Summer may typically be a slow time for marketing but that hasn't stopped some savvy brands from using this less-competitive time period to launch creative campaigns that stand out. And one of the best ways to get noticed during this marketing lull can be a dynamic social media campaign.
Brands that are smart about leveraging user-generated content are not only driving awareness, but also engagement. But it's not just about the original social content. Fans in turn are also sharing the best user-generated content, effectively acting as ambassadors for their favorite brands.
Here are five creative campaigns that stood out this summer:
New Castle started the summer with a cheeky hit, using brits Stephen Merchant, Zachary Quinto and Elizabeth Hurley to imagine how different and great America would have been if Great Britain won the Revolutionary War. The campaign launched in the week leading up to July 4th, a clever British ambush on the American holiday and beer companies, with 14 witty videos on the microsite Ifwewon.com. The tongue-in-cheek campaign did anger a few people, but that controversy only promoted it further. The entire campaign was a viral success garnering over 5.6 million views across all of the videos.
The movement that has been sweeping the web this summer has people dumping buckets of ice-cold water on themselves. No, not to stay cool, but to raise money and awareness for ALS, also known as Lou Gehrig's disease. The campaign was started by Pete Frates and his former baseball teammates and then spread like wildfire as people challenged their friends on social media to either do the challenge or donate money to the ALS Association. Everyone from Justin Timberlake to Martha Stewart to the city of Boston has participated in the challenge.
In just a few weeks the ALS Association and its 38 chapters have received an astonishing $53 million in donations, compared to $2.2 million during the same time period last year. The campaign has made an incredible impact, adding over 1 million new donors to the association's cause as well as unprecedented visibility for the debilitating disease.
The English Premier League soccer team Southampton FC created a clever social contest this summer to keep fans engaged and active in the offseason. The team placed 500 limited edition numbered soccer balls around town as a scavenger hunt to promote their new home kit. Each ball also had the hashtag #EarnYourStripes and fans were encouraged to take a selfie with the ball to be entered to win the new kit. The team took the campaign a step further and used Snapchat to share vanishing clues of the soccer balls' locations, a perfect use of the application.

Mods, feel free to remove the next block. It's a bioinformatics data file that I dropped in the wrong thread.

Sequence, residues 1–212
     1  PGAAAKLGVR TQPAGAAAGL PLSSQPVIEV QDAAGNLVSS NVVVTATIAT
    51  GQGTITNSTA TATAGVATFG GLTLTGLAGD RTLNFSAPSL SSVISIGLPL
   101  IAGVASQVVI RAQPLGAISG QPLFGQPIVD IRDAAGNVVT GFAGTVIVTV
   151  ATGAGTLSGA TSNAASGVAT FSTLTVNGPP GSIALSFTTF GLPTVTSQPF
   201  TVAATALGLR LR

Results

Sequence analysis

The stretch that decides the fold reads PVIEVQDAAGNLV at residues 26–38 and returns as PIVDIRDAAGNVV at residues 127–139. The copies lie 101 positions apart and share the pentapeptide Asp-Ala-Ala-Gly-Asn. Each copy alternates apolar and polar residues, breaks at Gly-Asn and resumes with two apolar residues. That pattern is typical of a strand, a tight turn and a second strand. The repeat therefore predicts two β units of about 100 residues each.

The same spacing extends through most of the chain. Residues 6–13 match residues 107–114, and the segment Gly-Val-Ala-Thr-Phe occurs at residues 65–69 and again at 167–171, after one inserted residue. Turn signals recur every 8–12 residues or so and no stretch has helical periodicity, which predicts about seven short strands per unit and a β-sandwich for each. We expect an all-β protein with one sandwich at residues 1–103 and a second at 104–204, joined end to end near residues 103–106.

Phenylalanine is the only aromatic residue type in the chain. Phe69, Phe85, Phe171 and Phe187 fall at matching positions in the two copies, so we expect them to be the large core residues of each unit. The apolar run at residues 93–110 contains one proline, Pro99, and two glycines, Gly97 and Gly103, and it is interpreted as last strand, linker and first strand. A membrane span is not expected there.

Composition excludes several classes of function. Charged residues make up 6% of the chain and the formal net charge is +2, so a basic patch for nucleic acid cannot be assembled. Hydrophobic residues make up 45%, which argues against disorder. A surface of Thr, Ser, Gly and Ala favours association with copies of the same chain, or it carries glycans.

The undisputed viral video of the summer was Always' #LikeAGirl video. The powerful video shared the dangerous effect of using the words 'like a girl' can have on adolescent girls' self-confidence and tugged on the heartstrings of viewers. The video immediately spread all over the web with everyone praising the message and sharing the (positive) things they do #likeagirl.
The video was watched an amazing 47 million times in just a few weeks. While that is an incredible number and should be celebrated, the rest of the activation of the campaign fell flat. The landing page on the Always website was sparse with content and limited call-to-actions to use the hashtag. For such an amazing video, the digital activation seems like it could have been much, much more and taken this campaign to a new level.
Rodan & Fields, the creators of Proactiv®, put their customers at the forefront of their marketing efforts this summer with a one-day selfie promotion. On July 25th, they encouraged their fans to take a "naked" no-makeup selfie, and for every selfie that was taken, Rodan & Fields would donate $1 to buildOn to go towards building a school for children in need. Celebrities like LeAnn Rimes got "naked" and all the selfies were aggregated and showcased on a microsite. The one-day campaign saw over 5,000 people take no-makeup selfies and with additional donations from the community, raised over $30,000 to build a school with partner buildOn.
While summer may be marketing's "off-season" don't discount the potential for a big brand win. What was your favorite campaign of the summer?